23 MARCH 2020
© 2022 Business Travel News Ltd.
Tony Tyler, the former director-general and chief executive of IATA and previously chief executive of Cathay Pacific Airways, recently returned to Hong Kong, where he is presently. He also has a home in the south of France. Here, he updates the position in Hong Kong for Business Travel News.
Six weeks ago Hong Kong was considered one of the world’s most dangerous places, but I’d rather be here than Europe right now. Thanks to SARS, people here understand what has to be done.
Most people wear masks – a constant reminder to act responsibly. Doors, lifts and other surfaces are disinfected hourly. Social distancing happens: no big parties, no handshakes, hugs or kisses. Many places check temperature – I reckon I get tested twice daily. Offices operate with divided staffing. Clubs and gyms ask members not to visit for 14 days after they return to Hong Kong. Borders are closed to a growing list of countries including Mainland China, with quarantine strictly applied. Testing, then identification and isolation of contacts is thorough. There is broad social support for all this.
Result – slow growth in COVID-19 numbers, and only from known infection tracks or imports. There’s been a spike this week from people rushing back to beat quarantine: we’re all rather annoyed that recent returners from countries with higher infection rates rushed straight down to the bars of Lan Kwai Fong – with predictable consequences.
At least we’ve been through the panic hoarding stage – a month ago you couldn’t buy toilet paper or rice! That didn’t last long.
I worry about the airline industry. If it’s going to survive, governments will have to help it. Supporting specific airlines with cash is distortionary, but it’s already happening. All governments should immediately cancel the taxes and charges they inflict on airlines. And waive airport and Air Navigation Service Provider (ANSP) charges.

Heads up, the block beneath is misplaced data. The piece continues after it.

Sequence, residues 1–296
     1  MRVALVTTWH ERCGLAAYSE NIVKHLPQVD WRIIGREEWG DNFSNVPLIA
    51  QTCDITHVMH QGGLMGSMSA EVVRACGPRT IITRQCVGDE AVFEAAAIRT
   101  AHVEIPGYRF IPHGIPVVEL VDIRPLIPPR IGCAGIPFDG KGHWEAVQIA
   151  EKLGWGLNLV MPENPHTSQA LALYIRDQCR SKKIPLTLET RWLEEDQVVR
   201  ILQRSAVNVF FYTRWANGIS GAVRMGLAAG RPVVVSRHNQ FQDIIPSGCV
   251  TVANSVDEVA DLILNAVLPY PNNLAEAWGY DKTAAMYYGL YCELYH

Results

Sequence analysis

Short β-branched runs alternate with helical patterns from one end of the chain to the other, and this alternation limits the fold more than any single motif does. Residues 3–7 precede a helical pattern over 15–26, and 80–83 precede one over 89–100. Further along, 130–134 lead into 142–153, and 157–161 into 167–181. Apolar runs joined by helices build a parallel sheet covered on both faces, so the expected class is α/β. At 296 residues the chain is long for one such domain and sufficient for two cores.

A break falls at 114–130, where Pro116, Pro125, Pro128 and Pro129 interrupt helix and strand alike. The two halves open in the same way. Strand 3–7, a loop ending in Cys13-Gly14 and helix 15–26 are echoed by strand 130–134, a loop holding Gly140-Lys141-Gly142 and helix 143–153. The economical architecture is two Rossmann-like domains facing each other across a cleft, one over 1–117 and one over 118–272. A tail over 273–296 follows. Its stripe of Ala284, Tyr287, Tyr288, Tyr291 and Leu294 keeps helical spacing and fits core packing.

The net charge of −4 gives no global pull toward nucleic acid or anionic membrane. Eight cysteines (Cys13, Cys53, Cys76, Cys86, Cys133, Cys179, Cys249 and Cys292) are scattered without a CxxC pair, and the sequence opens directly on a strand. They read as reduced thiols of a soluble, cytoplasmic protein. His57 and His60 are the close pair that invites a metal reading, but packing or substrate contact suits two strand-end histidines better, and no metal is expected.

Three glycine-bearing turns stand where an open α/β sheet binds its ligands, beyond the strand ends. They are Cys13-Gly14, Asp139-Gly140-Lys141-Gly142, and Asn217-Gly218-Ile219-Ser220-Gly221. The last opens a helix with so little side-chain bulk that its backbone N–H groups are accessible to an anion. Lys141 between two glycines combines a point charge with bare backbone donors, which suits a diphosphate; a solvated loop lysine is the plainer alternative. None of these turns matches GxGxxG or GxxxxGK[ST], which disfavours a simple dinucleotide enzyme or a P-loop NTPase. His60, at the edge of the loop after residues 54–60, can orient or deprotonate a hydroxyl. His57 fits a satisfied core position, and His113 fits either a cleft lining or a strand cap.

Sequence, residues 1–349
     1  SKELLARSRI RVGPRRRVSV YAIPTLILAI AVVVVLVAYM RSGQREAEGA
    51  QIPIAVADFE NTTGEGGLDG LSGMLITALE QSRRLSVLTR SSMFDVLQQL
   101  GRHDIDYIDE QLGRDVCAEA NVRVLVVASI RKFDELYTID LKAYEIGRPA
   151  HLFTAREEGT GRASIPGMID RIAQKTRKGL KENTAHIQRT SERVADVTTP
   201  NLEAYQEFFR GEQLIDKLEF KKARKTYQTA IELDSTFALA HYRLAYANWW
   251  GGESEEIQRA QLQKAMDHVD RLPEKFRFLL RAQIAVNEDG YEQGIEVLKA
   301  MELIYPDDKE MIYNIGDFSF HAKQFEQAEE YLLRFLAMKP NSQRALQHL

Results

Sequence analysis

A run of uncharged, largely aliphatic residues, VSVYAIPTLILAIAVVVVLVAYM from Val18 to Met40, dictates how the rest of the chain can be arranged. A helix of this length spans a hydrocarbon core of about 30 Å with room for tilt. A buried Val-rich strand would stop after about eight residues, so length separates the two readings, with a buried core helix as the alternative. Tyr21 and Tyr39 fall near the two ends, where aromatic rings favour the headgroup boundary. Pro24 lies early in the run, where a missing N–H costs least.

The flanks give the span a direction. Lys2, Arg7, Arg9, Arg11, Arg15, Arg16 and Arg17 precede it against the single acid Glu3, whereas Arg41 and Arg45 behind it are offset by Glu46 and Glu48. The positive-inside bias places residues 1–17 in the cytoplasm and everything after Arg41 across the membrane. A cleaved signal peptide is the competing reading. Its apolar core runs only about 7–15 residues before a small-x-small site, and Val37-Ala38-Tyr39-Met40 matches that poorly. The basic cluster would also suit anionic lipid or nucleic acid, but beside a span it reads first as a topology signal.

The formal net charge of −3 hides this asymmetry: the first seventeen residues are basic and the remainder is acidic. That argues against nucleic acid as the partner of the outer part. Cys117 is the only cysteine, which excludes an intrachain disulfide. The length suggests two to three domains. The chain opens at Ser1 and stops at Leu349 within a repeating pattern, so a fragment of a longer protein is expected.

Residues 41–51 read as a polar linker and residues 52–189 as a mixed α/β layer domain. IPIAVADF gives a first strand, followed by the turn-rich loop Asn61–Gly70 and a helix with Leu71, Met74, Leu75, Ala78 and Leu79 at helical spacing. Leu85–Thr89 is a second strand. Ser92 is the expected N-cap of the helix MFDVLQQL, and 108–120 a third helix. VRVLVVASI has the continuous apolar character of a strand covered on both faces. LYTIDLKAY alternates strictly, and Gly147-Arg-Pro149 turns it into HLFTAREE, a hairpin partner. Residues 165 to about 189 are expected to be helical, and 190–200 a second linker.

For a century the industry has been a force for good. Cargo is still flying and requires to be. When this is over the world will need rebuilding. We have the leaders and a superb workforce. Now, and when it is over, it is up to the politicians to give us every support. Fly onwards!"
All comments are filtered to exclude any excesses but the Editor does not have to agree with what is being said. 100 words maximum
Andreas W. Schulz, Germany
Europe missed to learn from the past and how some regions in Asia, like Hong Kong, sucessfully dealt with SARS and Covid-19. Its also a matter of iron discipline to handle this. Europe is still dramatically learning this lesson.
Keith Wallis, Canterbury, England
Having also been resident in Hong Kong at the time of SARS 17 years ago I’m surprised there haven’t been more comparisons with that virus and Covid-19 given they, allegedly, come from a similar source - eating wild animals that perhaps shouldn’t be eaten. In the case of SARS it was civet cats. The thing about SARS, although people didn’t know if at the time, was it was relatively short-lived - lasting, in HK at least, until the end of May thanks due to the measures outlined by Mr Tyler and a tougher public cleansing regime that to a certain extent continued after the virus was eradicated. Once the SARS outbreak was over the world seemed to bounce back pretty quickly - with global GDP growth of around 3% according to the World Bank. Hopefully Covid-19 will be similarly short-lived and it’s economic impact a blip rather than a catastrophic collapse.